posted in: Article | 5

I noticed a phenomenon sometime last year where unfortunate souls who considered themselves fortunate started going to concerts held by people no one had ever heard of. Most of the people in our grade were so excited at the prospect of getting to see someone live, with their friends, away from their parents, that they clung with bitter desperation to the notion that the performer they went to see was the best thing to grace the earth since Sir Isaac Newton.

I have no clue who or what Hardwell is. It could be a velociraptor disguised as a banana with pompous frills and bowties and I’d still have no clue who or what Hardwell is. But it doesn’t really matter; my musical appraisal ends after 2006 and my favourite bands are from the 70s. I’m very much a grandfather with regard to teenage music. But I would atleast have heard of this Hardwell, just as I’ve heard of countless other musicians. But I hadn’t. Once, last year, our class convinced our history teacher that reputed rich guy and software pirate Steve Aoki invented Japan. Yes, “invented.” And she believed it, so there’s that.

But this post’s reason is to swim and swallow through the depths of perpetual ignorance and fallacy and delve into the sumptuous, juicy fields of insight and observation. What makes someone want to spend a moderate amount of money to visit a man whose music most of us (and probably even they) have never heard of, to try and get inebriated or stoned and return with a hangover that lasts three days and false nostalgia that lasts a lifetime? It’s the prospect of trying new things, which certainly is exciting, coupled with the thrill of being unsupervised, and of course, the frisson and atmosphere being at a concert with friends.

Let’s tackle these silly actions bit by bit. Drinking. I understand why a sixteen year old would want to do it. I can even pretend to understand why someone would attend another college’s fresher’s party and get pissed after attempting to drink straight from the bottle. What I don’t understand is why someone would attempt to do it after weighing in the risks, unless they haven’t. Taking alcohol makes you feel grownup and important, like a coming of a age ritual which certainly shouldn’t be. I don’t despise alcohol, but I think personally, I’ll always be late to that party. I once tried to have a glass of wine; two sips later I was forced by both body and mind to throw it down the sink. All alcohol tastes the same with the exception of single malt whiskey. I can certainly imagine enjoying sitting in an armchair with some single malt reading a nice book. What I can’t imagine myself doing is jumping around like cornflour on bass speakers with sixty other sweaty and deluded people, desperately trying to make my lips meet the mouth of a precariously situated bottle and chug down a litre or two of poor quality alcohol, with music louder than a Rolls-Royce Trent 1000 jet engine. All just to prove a point.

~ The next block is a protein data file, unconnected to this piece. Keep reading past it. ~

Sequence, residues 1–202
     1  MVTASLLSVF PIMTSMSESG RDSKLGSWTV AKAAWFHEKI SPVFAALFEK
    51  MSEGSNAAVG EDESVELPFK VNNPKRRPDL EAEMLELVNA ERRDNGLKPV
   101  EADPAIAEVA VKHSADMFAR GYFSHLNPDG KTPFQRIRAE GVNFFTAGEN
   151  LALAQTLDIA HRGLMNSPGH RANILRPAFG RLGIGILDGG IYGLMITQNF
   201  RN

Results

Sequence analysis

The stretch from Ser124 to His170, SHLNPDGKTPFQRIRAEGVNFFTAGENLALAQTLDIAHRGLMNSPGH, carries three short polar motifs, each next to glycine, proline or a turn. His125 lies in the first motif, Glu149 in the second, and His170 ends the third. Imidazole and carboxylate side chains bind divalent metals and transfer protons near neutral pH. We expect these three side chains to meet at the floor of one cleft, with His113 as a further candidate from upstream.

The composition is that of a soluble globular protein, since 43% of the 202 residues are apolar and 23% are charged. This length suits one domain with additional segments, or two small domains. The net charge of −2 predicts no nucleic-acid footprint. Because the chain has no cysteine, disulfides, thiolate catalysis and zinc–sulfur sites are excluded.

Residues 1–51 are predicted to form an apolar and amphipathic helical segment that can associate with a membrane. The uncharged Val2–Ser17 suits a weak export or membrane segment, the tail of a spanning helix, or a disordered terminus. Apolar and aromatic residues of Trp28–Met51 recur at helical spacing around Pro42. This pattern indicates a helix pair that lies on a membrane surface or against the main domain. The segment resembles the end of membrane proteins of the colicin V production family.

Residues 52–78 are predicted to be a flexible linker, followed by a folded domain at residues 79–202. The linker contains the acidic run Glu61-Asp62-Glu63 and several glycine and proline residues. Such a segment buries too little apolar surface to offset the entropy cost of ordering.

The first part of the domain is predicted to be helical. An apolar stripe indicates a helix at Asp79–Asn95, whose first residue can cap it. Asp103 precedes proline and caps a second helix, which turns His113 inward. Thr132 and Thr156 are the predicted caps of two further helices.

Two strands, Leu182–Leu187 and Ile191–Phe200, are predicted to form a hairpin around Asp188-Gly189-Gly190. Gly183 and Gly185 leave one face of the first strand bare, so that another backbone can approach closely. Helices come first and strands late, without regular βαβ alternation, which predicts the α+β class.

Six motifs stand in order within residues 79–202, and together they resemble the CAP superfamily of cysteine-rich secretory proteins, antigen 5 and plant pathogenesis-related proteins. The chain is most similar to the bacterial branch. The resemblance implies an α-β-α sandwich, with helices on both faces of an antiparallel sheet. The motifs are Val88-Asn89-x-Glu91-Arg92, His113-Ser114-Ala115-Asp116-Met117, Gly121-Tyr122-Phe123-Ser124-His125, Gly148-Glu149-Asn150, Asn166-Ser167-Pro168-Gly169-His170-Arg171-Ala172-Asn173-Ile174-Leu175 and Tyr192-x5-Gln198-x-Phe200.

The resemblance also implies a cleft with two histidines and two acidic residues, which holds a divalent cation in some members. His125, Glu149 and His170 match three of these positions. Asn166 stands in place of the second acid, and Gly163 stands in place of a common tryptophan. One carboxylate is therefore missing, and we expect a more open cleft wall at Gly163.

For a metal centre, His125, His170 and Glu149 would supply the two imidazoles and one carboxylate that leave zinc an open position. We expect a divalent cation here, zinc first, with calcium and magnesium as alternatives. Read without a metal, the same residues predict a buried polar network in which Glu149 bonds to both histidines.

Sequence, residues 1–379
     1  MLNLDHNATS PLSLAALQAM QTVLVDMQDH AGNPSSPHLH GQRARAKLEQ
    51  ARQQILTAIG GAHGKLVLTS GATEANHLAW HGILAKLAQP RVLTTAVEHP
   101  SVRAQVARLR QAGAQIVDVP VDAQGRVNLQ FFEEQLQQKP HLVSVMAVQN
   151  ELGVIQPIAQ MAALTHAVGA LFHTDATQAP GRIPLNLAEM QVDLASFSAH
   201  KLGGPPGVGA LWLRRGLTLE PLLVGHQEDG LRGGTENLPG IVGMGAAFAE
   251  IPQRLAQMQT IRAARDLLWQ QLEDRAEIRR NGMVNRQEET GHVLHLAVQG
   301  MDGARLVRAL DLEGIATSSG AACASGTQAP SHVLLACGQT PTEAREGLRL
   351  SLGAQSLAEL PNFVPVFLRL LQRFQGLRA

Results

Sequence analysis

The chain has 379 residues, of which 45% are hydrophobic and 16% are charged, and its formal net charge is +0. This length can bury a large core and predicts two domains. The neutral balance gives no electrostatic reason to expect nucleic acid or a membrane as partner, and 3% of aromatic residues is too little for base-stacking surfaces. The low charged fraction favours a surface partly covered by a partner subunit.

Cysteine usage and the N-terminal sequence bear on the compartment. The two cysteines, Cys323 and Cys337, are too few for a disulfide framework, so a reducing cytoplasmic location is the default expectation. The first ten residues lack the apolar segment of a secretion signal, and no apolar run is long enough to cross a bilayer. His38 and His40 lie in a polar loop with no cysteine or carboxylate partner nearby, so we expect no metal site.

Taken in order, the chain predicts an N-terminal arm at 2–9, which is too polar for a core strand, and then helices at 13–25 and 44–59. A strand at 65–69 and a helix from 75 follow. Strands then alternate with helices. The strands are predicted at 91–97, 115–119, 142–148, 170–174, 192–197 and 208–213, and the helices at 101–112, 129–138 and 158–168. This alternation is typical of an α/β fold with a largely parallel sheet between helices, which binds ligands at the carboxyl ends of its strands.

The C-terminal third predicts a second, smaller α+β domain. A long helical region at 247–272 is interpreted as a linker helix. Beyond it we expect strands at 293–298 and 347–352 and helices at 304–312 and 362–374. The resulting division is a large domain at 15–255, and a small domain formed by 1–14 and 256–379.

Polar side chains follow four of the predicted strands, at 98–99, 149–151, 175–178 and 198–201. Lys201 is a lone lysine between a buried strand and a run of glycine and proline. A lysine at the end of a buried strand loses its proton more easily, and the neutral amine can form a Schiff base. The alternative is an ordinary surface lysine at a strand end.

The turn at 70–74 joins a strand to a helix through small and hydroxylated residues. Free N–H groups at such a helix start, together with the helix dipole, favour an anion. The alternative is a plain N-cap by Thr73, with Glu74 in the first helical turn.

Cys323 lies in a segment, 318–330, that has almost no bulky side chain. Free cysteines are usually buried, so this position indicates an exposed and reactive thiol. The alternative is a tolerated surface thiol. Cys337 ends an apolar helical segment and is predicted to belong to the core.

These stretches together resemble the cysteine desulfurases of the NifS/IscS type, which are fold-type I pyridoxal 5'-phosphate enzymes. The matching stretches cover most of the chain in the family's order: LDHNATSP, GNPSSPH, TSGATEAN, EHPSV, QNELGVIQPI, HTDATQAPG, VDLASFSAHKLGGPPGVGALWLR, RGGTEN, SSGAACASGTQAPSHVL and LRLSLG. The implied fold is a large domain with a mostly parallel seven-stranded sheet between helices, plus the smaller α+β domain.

Concerts are a thing only because people go to them. Since the time of the prodigious child Mozart to our beloved Bieber, concerts have always been something to look forward to. For many people, it’s not about the music at all, but the secondary experiences and the aftermath of it. But the sheer amount of people I know who went to this Hardwell thing must mean that either he’s a very good artist, better than the likes of Metallica or Guns and Roses, or that this event was ridiculously hyped by word of mouth, and many of us were urged to attend because of friends. There’s a certain word for it, and even though all the Hardwell attendees will deny it, it all comes down to peer pressure. I’ll refrain from making comparisons with sheep for now, but every concert of a new musician that arrives to this city is blown out of proportion. Two weeks from now it’ll be someone else, and if I start listening to Hardwell now and go up to them and tell them that I like his music, they’ll probably ask, “who’s Hardwell?”

The Beatles haven’t faded from public consciousness in the last 50 years, and won’t for atleast another 50 more. Paul McCartney, Freddie Mercury, Eric Clapton, Thom Yorke, Chuck Berry, BB King, Keith Moon and David Gilmour are just some names of musicians who have made waves in the sea of music; they will be remembered for a long time to come. Swedish House Mafia? Avicii? Hardwell? They won’t make it past the decade if they stop coming back to BKC to play a gig once a year. I envy the people who saw The Beatles perform on the Ed Sullivan nearly show half a century ago; I would have loved to be at Glastonbury ‘03 to watch Radiohead at its peak. You’re not going to sit down and tell your grandchildren that you went to see Hardwell in the summer of ‘13.

But I guess that’s where the fun is. For many of us, music is not the life defining force that it can be. It’s simply a background aura that emanates desire and passion; creating the tendency to have a good time. I can understand going to a concert like this because of its fleeting glory. It’s just one night of madness which you’ll look back on fondly for years to come, even though you’ve forgotten the name of the artist who played the gig. And people require experiences like these to grow up, so if you want to go and get wasted at Hardwell, be my guest. Just don’t die in the process.

Follow Upamanyu Acharya:

IIM Ahmedabad MBA 2021. My hobbies include being vague, bending rules, time-travel, and embellishment of words. This is my personal blog where I write on topics ranging from blockchain, to leadership skills and the consistency of jam.

5 Responses

  1. Sumer

    It's about 2 posts a month, and so totally worth it. If you charged for membership/subscription – I'd pay.

Leave a Reply